Friday, August 17, 2012

Amarna, Letters, and Nefertiti

The Amarna Letters are ancient Egyptian letters written on clay tablets. They were written in Akkadian because that was the common international language of the time. Their script is called cuneiform, which means “wedge-shaped,” because that is what the letters look like. In them the Egyptian ruler and regional leaders exchanged ideas.

The letters were found amidst the ruins of the ancient capital city of Akhetaten which is now called Amarna. Most of the letters were written during the rule of Akhenaten.

Akhenaten ruled Egypt from 1351 to 1334 BC. He was the most unusual ruler of Egypt ever.

In 1346 Akhenaten ordered the construction of a new capital city he named Akhetaten. He had it built on the east bank of the Nile about 250 miles (400 km) north of the old capital city of Thebes. It is about 190 miles (310 km) south of today’s Cairo. In the center of the city stood a large temple, Akhenaten’s palace, and an office building. It was in this office building that the Amarna Letters were found.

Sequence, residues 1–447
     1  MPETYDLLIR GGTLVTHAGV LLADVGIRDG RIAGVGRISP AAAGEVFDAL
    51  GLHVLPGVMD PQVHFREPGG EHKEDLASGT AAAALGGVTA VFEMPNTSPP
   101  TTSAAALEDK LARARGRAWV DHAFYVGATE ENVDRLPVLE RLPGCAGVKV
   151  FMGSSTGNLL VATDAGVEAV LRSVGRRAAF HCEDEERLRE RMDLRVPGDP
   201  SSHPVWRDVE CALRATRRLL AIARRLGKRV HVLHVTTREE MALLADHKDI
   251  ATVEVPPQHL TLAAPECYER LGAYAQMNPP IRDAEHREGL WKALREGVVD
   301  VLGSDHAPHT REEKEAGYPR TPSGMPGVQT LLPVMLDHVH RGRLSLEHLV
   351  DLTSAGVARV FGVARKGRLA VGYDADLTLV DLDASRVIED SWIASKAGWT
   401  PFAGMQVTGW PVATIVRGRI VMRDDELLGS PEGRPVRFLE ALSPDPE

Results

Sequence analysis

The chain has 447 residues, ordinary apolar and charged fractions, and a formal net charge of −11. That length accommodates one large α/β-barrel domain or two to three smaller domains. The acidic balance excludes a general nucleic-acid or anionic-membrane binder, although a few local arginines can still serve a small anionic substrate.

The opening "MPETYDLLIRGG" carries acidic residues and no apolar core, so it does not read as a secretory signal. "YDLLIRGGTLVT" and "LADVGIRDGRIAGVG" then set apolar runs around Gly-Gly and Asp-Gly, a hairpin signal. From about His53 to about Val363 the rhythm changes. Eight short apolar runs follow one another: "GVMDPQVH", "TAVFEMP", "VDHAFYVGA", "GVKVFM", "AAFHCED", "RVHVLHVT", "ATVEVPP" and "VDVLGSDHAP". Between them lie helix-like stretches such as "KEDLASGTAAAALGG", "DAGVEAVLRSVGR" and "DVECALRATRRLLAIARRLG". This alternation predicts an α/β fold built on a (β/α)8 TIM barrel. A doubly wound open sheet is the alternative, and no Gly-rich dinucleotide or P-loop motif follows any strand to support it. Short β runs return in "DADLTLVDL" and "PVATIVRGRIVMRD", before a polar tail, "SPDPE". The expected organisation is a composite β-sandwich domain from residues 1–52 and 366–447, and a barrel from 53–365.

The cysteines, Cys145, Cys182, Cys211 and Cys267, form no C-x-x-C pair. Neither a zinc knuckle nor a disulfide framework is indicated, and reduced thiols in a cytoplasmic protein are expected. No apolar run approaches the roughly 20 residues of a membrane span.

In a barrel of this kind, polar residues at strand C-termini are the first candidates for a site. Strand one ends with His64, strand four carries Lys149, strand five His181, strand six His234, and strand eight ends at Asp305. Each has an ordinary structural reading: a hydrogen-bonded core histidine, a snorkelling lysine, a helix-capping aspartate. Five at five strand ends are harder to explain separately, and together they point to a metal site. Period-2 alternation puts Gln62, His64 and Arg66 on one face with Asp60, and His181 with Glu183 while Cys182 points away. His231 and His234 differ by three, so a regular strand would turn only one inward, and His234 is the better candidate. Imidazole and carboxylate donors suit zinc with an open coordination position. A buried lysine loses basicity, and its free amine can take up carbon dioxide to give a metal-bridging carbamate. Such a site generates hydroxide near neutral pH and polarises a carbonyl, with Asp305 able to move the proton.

The city was built in only five years. It was also short-lived, being abandoned in 1332 only two years after Akhenaten’s death. In that year his son, Tutankhamen, moved the capital of Egypt back to Thebes. Then Akhenaten's city was lost for over 3,000 years.

The city was first rediscovered in modern times by a French Jesuit in 1714. Some of the intellectuals traveling with Napoleon took another look in 1798. English explorers visited it in 1824 and 1833. Prussians came in 1843 and 1845.

Only in 1887 did Amarna become important. In that year a local woman was digging around its ruins. She was looking for decomposed mud brick from its ancient buildings to use as modern fertilizer. Instead she found the Amarna Letters. Over time she and others dug up 300 of these letters and sold them to collectors. Today, over 200 of the letters are in the Vorderasiatisches (Near East) Museum in Berlin, 80 are in the British Museum in London, and 50 are in the Egyptian Museum in Cairo.

After that, interest in the site grew much more serious. Several archeologists from different countries came at different times and did extensive digging and clearing. In 1912 a German archeological team accidently found the bust of Nefertiti buried in the rubble. Nefertiti was Akhenaten’s wife and queen of Egypt. Her bust is now on display in the Neues Museum in Berlin.

Copyright © 2012 by Steven Farsaci.
All rights reserved. Fair use encouraged.